Toronto researchers have discovered evidence that a genetic mutation linked to higher rates of breast cancer may also play a critical role in regulating proper heart function.
The findings could have major significance for people with that genetic mutation. But they could also lead to new ways of treating all patients with heart disease.
"I do believe that we're at the beginning of a completely new way of looking at how the breast cancer gene may be a marker of an increased risk of cardiovascular disease," said Subodh Verma, a cardiac surgeon at St. Michael's Hospital.
In a new study published in the journal Nature Communications, researchers describe how they manipulated a specific gene in mice to determine the impact on the heart.
The BRCA1 gene is known as a tumour suppressor and produces a protein that helps repair damaged DNA. People who have variants, or mutations, of this gene, have a higher risk of developing breast cancer, as well as cervical, uterine, pancreatic and other types of the disease. Researchers believe this is because the mutation prevents important DNA repair from occurring, which could allow cells to grow uncontrollably and form a tumour.
Certain populations, such as those with a family history of multiple cases of breast cancer, cases of both breast and ovarian cancer, or those of Ashkenazi Jewish descent, are more likely to have the mutation.
Dr. Verma wanted to see whether the genetic mutation causing problems with DNA repair had health implications beyond cancer.
To test the theory, Dr. Verma and colleagues deleted the BRCA1 gene from the hearts of mice and then induced heart attacks in them.
The researchers found that mice without the BRCA1 gene had twice as serious heart attacks and a much higher risk of dying than other mice. They also noted that mice without the BRCA1 gene in the heart were more likely to develop heart failure following a heart attack.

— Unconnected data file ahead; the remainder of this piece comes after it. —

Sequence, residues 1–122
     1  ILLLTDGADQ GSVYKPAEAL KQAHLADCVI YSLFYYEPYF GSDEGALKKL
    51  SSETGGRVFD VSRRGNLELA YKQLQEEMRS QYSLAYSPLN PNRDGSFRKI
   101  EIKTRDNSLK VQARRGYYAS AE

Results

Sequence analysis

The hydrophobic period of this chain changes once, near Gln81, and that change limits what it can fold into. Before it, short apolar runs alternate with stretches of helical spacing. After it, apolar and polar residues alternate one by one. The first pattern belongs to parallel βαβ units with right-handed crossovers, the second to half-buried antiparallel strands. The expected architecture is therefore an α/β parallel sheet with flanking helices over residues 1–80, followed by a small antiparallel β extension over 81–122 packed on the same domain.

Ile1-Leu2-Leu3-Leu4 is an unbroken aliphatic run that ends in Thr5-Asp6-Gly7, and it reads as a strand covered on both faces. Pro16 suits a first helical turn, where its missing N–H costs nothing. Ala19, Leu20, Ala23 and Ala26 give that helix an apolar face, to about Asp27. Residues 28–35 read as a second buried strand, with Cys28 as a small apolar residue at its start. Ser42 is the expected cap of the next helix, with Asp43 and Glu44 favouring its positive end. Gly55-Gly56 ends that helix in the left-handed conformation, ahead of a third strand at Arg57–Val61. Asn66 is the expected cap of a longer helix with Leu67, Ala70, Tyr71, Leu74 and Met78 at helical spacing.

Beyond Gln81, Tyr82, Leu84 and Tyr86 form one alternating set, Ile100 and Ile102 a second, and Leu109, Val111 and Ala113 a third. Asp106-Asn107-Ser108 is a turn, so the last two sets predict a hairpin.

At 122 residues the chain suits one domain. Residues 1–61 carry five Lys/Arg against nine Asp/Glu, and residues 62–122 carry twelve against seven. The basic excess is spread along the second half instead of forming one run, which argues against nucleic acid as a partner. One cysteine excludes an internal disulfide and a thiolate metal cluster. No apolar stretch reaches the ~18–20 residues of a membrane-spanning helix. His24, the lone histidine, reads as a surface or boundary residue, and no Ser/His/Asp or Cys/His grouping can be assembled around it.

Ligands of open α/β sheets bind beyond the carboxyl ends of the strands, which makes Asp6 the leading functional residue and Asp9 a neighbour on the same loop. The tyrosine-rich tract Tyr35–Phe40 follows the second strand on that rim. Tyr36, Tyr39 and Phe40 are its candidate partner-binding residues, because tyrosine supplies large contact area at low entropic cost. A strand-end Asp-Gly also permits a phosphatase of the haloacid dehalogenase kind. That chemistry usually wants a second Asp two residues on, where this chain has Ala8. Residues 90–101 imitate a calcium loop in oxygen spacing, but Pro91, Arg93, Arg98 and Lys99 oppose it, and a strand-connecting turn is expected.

"It's a hugely important and surprising observation that [BRCA1]is also a critical gatekeeper of heart health," Dr. Verma said.
It means women carrying mutated forms of BRCA1 may have a previously unrecognized risk of developing heart disease.
If true, this could have implications for the type of cancer treatment patients with the genetic mutation receive, as many types of chemotherapy drugs are known to be linked to an increased risk of heart problems. A woman with a BRCA1 mutation may be particularly vulnerable to those negative heart effects.
To test this theory, Dr. Verma deleted the BRCA1 gene from hearts of mice and gave them doxorubicin, a standard chemotherapy drug for many types of breast cancer. Those mice receiving the drug suffered significantly higher rates of heart failure than those not taking it.
"Maybe we have to be a bit more careful about how much chemotherapy we give [patients with the BRCA1 mutation]and at what dose," Dr. Verma said.
But Steven Narod, senior scientist at Women's College Research Institute in Toronto, said it's still too early to draw real conclusions from the study. While interesting, he said much more work needs to be done before these findings should be used as a basis for altering treatment for breast cancer.
Dr. Narod added that the hospital has treated about 5,000 women with the BRCA1 mutation who had breast cancer. Of those, just under 700 have died and of those, only four succumbed to heart disease. It's possible that more cases of heart disease will show up in this population as they age, but it's too soon to tell what role the BRCA1 gene plays in human cases of heart disease.
The study also raises questions about whether men carrying the BRCA1 mutation also face an increased risk of developing heart disease, Dr. Narod said.
Dr. Narod cautioned that this new research needs to go a long way before its true significance can be known.